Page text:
3. ^  Reynolds, Francis J., ed. (1921). "Wissembourg" . Collier's New Encyclopedia. New York: P.F. Collier & Son Company.
  4. ^ www.retrobibliotek.de
  5. ^ Murray, John (1886). Handbook for North Germany: from the Baltic to the Black Forest, and the Rhine. J.Murray. p. 382. Retrieved 2010-12-03.


External links

Arrondissement of Haguenau-Wissembourg

The arrondissement of Haguenau-Wissembourg is an arrondissement of France in the Bas-Rhin department in the Grand Est region. It was created at the 2015 arrondissements reform by the merger of the former arrondissements of Haguenau and Wissembourg. Several communes from the arrondissements of Strasbourg-Campagne and Saverne were added as well. It has 141 communes.

Arrondissement of Saverne

The arrondissement of Saverne is an arrondissement of France in the Bas-Rhin department in the Grand Est region. At the 2015 arrondissements reform it was expanded with several communes from the arrondissements of Strasbourg-Campagne, and some of its communes were reassigned to the arrondissements of Haguenau-Wissembourg and Molsheim. It has 162 communes.

Battle of Wissembourg (1870)

The Battle of Wissembourg or Battle of Weissenburg, the first of the Franco-Prussian War, was joined when three German army corps surprised the small French garrison at Wissembourg on 4 August 1870. The defenders, greatly outnumbered, fought stubbornly

... especially considering they were surprised and greatly outnumbered, that the French sustained their old renown as fighting men and that the first defeat, although severe, reflected no discredit on the soldiers of the 1st Corps."

before being overwhelmed; nevertheless, the fall of Wissembourg allowed the Prussian army to move into France and compelled Marshal Mac-Mahon to give battle, and suffer defeat, at the Battle of Wörth on 6 August.


Crœttwiller (German: Kröttweiler) is a commune in the Bas-Rhin department in Grand Est in north-eastern France.

First Battle of Wissembourg (1793)

In the First Battle of Wissembourg (13 October 1793) an Allied army commanded by Dagobert Sigmund von Wurmser attacked the French Army of the Rhine under Jean Pascal Carlenc. After an ineffectual resistance, the French army abandoned its fortified line behind the Lauter River and retreated toward Strasbourg in confusion. This engagement of the War of the First Coalition occurred on the eastern border of France about 60 kilometres (37 mi) north of Strasbourg.

After the Siege of Mainz in which the Prussian army captured the city, the Army of the Rhine fell back into the Lines of Weissenburg, a position first fortified in 1706. Soon Wurmser with an army composed of troops from Habsburg Austria, French Royalists and allied German states began putting pressure on the Lines. Meanwhile, the French army organization was in disarray after two previous army commanders were arrested and sent to Paris prisons. Since no one wanted to lead the army, the representatives on mission appointed Carlenc, recently a lieutenant colonel of cavalry. After a series of skirmishes, Wurmser launched a successful assault. After the French retreat, the inept Carlenc was arrested and replaced in army command by Jean-Charles Pichegru. At the urging of the government, Pichegru began launching a series of attacks designed to recover the lost territory. These resulted in the battles of Froeschwiller and Second Wissembourg.

Hatten, Bas-Rhin

Hatten is a commune in the Bas-Rhin department in Grand Est in north-eastern France, some fifteen kilometres (nine miles) to the south of Wissembourg.


Hunspach is a commune in the Bas-Rhin department in Grand Est in north-eastern France.


Keffenach is a commune in the Bas-Rhin department in Grand Est in north-eastern France.

It lies a short distance to the south of Wissembourg, within the Palatinate Forest-North Vosges Biosphere Reserve.

Kutzenhausen, Bas-Rhin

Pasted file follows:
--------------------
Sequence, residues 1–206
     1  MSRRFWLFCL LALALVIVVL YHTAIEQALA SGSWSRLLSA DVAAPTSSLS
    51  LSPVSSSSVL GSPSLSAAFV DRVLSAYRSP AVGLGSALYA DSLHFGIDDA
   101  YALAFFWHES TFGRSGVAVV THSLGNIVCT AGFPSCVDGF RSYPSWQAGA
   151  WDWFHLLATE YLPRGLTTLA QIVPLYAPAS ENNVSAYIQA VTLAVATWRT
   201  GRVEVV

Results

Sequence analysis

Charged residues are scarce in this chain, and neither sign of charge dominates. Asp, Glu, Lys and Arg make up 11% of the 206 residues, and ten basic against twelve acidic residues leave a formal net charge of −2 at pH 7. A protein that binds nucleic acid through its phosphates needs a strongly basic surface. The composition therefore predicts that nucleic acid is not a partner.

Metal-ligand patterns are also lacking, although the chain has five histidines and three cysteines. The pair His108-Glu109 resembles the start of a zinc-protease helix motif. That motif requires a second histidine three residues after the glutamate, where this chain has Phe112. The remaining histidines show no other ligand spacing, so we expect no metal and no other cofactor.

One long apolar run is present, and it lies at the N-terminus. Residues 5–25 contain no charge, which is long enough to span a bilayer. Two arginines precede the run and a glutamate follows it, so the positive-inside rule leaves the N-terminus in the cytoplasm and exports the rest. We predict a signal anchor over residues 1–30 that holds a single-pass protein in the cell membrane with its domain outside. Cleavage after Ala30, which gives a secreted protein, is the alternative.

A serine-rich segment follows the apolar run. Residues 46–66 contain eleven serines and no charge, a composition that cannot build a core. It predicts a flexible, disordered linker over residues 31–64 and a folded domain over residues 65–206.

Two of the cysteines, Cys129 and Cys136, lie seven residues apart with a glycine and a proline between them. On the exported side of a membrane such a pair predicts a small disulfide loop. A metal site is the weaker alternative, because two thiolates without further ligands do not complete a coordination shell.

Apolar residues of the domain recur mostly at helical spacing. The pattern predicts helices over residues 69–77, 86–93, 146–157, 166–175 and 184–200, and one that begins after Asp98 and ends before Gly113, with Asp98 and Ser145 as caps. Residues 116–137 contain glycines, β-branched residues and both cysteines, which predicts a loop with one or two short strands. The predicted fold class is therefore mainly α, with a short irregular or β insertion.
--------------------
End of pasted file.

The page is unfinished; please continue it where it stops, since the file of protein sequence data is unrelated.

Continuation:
Kutzenhausen is a commune in the Bas-Rhin department in Grand Est in north-eastern France.

Kutzenhausen lies 15 kilometres (9 mi) to the south of Wissembourg, but still within the Parc naturel régional des Vosges du Nord.


Neewiller-près-Lauterbourg (German: Nehweiler) is a commune in the Bas-Rhin department in Grand Est in north-eastern France.

Neustadt–Wissembourg railway

The Neustadt–Wissembourg railway, also called the Pfälzische Maximiliansbahn ("Palatine Maximilian Railway"), Maximiliansbahn or just the Maxbahn - is a railway line in southwestern Germany that runs from Neustadt an der Weinstrasse to Wissembourg (German: Weißenburg) in Alsace, France. The Palatine Maximilian Railway also included a branch (the Winden–Karlsruhe railway) from Winden via Wörth and the Maxaubahn to Karlsruhe.


Niederbronn-les-Bains (German: Bad Niederbronn) is a commune in the Bas-Rhin department in Grand Est in north-eastern France. It is positioned between Bitche and Wissembourg, close to the current frontier with Germany.

Niederbronn-les-Bains is part of the Northern Vosges Regional Natural Park. It has a tradition as a spa town, and continues to attract tourists and other visitors needing to recuperate.


Oberhoffen-lès-Wissembourg (German: Oberhoffen bei Weißenburg) is a commune in the Bas-Rhin department in Grand Est in north-eastern France.

It has the longest name of any commune in the Bas-Rhin department.


Oberlauterbach is a commune in the Bas-Rhin department in Grand Est in north-eastern France.


Rittershoffen is a commune in the Bas-Rhin department in Grand Est in north-eastern France.

Second Battle of Wissembourg (1793)

The Second Battle of Wissembourg from 26 December 1793 to 29 December 1793 saw an army of the First French Republic under General Lazare Hoche fight a series of clashes against an army of Austrians, Prussians, Bavarians, and Hessians led by General Dagobert Sigmund von Wurmser. There were significant actions at Wœrth on 22 December and Geisberg on 26 and 27 December. In the end, the French forced their opponents to withdraw to the east bank of the Rhine River. The action occurred during the War of the First Coalition phase of the French Revolutionary Wars.

Trimbach, Bas-Rhin

Trimbach is a commune in the Bas-Rhin department of the Grand Est region of France. The village is located about 10 kilometers (6.2 miles) from the German border.

Weissenburg Abbey, Alsace

Weissemburg Abbey (German: Kloster Weißenburg, French: L'abbaye de Wissembourg), also Wissembourg Abbey, is a former Benedictine abbey (1524–1789: collegiate church) in Wissembourg in Alsace, France.

Bas-Rhin Communes of the Bas-Rhin department
Founding cities
Other cities